Building Social Capital in Multicultural Communities: The Dyadic Process and Related Social Outcomes of Executive Leaders
Date of Award
Doctor of Education (EdD)
This study elaborates a theoretical rationale for interracial dyad networks as a structural form of social capital that can facilitate interracial social capital formation and produce positive-sum outcomes across races. A purposeful sample of extreme cases of social capital developed between matched interracial pairs comprised of influential business and community leaders was used to obtain rich information on the interracial social capital formation phenomenon. The dyad interrelations were analyzed using a qualitative, phenomenological, multiple-case study approach. The study findings revealed a social capital formation process surrounding both the cultivation of interracial dyadic friendships and bridging networks across races, and specific related outcomes produced . Dyadic networks, social currency, interracial friendships, and network expansion were found to link quantifiable measures of social capital and related outcomes that provide both individual and social value. This study contributes to the knowledge base of both intergroup contact and social capital theories and offers a basis for the application of Blau’s (1977) diversity opportunity network theory. The results can be used towards building social capital in multi-cultural communities, community and economic development, race relations, and professional training that incorporates diversity initiatives. Programs seeking to foster leadership through deliberate intercultural competencies, ethnic and cultural sensitivity, diverse collaboration, and collective creativity competencies can also benefit from the findings. Future research is recommended to compare unsuccessful and/or mediocre outcomes of interracial contact and social capital formation to the results of this current study.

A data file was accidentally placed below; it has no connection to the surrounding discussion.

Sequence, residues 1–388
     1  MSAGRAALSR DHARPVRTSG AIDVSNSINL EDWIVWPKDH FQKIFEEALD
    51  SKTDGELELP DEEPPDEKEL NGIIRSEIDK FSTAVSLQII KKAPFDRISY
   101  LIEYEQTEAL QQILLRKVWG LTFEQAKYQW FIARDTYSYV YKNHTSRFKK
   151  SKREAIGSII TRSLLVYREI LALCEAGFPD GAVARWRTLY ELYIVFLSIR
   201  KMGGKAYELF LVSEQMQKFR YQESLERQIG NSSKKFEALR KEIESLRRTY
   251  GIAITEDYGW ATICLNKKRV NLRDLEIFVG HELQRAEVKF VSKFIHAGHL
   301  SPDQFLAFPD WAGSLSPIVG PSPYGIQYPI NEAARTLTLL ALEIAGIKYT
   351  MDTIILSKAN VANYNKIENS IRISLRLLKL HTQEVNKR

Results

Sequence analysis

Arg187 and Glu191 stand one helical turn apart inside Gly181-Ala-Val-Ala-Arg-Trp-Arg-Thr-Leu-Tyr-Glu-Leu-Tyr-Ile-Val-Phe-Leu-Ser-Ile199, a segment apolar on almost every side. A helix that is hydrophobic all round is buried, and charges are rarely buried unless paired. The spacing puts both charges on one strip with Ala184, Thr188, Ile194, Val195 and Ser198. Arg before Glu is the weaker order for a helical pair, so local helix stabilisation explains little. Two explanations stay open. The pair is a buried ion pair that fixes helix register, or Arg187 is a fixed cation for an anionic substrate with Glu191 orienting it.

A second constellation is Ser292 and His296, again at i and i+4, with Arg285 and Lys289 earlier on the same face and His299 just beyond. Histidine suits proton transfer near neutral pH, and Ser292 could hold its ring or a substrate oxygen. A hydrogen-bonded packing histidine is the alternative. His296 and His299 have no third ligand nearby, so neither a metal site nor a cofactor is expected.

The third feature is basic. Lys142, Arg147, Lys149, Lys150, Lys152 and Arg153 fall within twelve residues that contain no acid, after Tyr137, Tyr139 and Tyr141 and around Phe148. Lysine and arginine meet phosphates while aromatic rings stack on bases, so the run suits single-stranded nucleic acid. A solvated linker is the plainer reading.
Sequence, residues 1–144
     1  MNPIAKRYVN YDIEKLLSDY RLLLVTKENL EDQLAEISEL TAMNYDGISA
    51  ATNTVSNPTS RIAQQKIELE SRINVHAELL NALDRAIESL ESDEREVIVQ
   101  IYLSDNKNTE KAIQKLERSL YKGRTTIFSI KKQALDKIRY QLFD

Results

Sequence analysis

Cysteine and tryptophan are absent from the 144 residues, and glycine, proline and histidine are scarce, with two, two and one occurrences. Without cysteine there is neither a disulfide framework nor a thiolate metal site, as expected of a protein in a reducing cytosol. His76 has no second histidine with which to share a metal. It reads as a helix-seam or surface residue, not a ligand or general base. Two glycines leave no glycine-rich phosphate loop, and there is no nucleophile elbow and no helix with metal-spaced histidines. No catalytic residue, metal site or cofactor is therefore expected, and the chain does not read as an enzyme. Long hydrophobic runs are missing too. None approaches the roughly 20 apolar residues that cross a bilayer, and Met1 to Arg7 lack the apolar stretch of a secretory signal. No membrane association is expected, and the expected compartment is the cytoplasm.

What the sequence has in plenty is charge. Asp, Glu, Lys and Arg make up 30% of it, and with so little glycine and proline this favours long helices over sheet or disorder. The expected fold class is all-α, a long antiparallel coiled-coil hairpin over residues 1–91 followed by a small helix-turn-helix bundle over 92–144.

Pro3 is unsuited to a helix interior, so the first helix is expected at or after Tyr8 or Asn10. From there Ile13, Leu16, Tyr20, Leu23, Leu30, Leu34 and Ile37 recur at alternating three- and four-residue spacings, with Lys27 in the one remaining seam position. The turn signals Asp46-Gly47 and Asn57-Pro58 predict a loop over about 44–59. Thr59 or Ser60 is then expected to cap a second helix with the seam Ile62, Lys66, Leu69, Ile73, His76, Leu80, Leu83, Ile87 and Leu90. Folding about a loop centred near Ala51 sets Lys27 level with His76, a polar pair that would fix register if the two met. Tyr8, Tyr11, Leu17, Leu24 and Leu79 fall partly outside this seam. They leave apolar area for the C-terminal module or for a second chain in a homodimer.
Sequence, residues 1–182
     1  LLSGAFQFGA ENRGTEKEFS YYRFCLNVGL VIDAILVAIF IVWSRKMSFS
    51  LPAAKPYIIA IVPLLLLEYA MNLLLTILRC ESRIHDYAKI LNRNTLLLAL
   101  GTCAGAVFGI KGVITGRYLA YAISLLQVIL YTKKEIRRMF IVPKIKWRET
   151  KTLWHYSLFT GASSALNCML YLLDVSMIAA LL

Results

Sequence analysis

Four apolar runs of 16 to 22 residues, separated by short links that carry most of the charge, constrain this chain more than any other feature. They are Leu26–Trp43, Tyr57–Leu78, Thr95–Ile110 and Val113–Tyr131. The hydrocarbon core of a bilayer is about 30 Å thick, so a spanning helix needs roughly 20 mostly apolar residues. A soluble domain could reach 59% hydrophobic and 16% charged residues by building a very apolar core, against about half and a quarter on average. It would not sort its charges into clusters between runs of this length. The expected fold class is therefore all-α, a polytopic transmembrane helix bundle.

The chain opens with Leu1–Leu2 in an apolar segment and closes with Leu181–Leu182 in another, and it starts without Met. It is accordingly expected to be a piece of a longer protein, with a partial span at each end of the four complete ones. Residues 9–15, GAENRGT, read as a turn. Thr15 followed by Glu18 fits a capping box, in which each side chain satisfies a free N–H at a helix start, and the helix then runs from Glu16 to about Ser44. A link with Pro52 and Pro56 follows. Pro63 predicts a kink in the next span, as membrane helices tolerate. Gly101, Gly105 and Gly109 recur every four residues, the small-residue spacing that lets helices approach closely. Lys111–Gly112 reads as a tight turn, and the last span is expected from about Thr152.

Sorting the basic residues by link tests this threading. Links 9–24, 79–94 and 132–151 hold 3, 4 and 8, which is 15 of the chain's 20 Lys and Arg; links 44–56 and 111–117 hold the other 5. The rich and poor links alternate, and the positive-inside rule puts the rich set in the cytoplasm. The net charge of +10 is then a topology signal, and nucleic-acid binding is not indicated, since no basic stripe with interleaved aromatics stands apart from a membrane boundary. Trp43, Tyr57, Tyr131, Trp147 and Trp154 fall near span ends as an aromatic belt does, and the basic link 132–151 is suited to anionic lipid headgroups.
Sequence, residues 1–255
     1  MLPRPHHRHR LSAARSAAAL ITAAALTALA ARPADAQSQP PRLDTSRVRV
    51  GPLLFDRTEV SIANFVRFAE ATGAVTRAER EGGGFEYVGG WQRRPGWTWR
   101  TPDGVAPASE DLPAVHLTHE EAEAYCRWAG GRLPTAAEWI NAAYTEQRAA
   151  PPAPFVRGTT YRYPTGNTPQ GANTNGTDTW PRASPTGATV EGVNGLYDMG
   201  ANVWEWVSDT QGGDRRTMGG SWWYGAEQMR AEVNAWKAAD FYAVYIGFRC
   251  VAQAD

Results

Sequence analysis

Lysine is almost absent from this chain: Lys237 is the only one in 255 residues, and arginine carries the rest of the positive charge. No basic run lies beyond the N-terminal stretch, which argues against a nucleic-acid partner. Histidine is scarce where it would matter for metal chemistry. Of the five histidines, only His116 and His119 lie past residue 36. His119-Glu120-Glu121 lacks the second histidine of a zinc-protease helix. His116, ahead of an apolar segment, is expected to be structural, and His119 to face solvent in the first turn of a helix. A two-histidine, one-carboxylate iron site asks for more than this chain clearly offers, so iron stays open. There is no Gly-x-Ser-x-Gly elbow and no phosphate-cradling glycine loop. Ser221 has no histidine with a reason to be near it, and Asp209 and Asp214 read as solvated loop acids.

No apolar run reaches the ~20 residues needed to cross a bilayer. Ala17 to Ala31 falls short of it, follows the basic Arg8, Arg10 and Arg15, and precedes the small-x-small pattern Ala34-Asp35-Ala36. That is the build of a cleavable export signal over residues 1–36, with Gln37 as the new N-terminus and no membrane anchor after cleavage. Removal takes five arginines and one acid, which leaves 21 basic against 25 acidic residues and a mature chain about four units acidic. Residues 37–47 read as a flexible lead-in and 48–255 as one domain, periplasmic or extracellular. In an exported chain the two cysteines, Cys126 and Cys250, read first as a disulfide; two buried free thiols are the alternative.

Cofield, Melody Amour, "Building Social Capital in Multicultural Communities: The Dyadic Process and Related Social Outcomes of Executive Leaders" (2009). Education Doctoral. Paper 64.
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